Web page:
Brits pay less than Germans in Lidl

Una fila di carrelli all' esterno di un negozio Lidl in un'immagine d'archivio. ANSA/FRANCO SILVI
Una fila di carrelli all' esterno di un negozio Lidl in un'immagine d'archivio. ANSA/FRANCO SILVI

In the UK, we're used to paying more for the same products than foreign shoppers do - particularly since the threat of Brexit's hit the value of the pound.

But according to one retail expert's analysis, there's at least one supermarket where the reverse is true.

See also: Primark accused of charging Brits more than US shoppers

See also: Will Brexit mean higher prices and worse quality in supermarkets?

Martin Isark of consumer site Can I Eat It? has analysed the prices in Lidl stores here and in Germany, and says we Brits are getting the better bargain.

In Germany, for example, the store's own-brand muesli costs £2.54 a box, compared with just £1.69 in the UK. Meanwhile, a tin of baked beans that's 91p in Germany is just 29p here; and espresso coffee that costs £2.76 in Germany is £1.99 in UK stores.

"Over here, supermarket prices are driven down by the fierce competition from the Big Four - Sainsburys, Tesco, Asda and Morrisons - so Lidl has to go lower to compete," Mr Isark tells the Sun.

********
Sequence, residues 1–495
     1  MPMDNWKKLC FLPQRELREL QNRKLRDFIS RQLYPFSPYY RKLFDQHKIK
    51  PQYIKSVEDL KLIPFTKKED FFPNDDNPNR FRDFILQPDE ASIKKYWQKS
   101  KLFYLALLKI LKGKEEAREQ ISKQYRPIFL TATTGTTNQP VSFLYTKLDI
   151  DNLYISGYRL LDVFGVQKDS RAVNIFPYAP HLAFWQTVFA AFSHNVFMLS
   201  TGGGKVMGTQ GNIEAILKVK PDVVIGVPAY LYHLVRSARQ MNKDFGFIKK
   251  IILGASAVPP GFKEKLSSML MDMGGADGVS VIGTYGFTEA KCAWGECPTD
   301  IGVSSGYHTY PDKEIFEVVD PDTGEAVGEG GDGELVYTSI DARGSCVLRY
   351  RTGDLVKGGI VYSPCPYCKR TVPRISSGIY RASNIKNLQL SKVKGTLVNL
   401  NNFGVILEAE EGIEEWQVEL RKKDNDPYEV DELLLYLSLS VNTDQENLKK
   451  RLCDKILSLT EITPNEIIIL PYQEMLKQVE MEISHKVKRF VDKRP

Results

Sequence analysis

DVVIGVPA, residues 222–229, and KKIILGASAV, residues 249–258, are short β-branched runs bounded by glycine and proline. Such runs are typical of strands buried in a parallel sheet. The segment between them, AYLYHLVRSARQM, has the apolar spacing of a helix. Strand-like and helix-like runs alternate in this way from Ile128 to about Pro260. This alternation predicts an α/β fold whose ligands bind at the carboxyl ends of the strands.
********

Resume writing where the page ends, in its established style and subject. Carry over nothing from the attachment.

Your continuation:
Eurostat research earlier this summer reveals that the UK, on average, pays some of the highest prices for goods and services compared with the rest of Europe.

While Switzerland is the most expensive country for food and non-alcoholic beverages, the UK is ninth on the list of 37 countries.

We're paying 25% more than countries such as Spain, for example, and twice as much as Turkey or Hungary for the same items.

And the higher prices don't end with food, with stores including Primark, Sports Direct, Ikea, Apple and Next having been called out for bumping up their prices in UK stores.

However, Lidl and fellow discount chain Aldi are something of a special case.

"In the UK, Lidl has the reputation of being as cheap as chips but in Germany they do not have the same competition, and so they are more expensive than their British shops and even more expensive in Germany than Waitrose is over here," says Mr Isark.

There is, though, one exception to the store's lower prices for Brits: booze is more expensive here, thanks to our much higher levels of alcohol duty.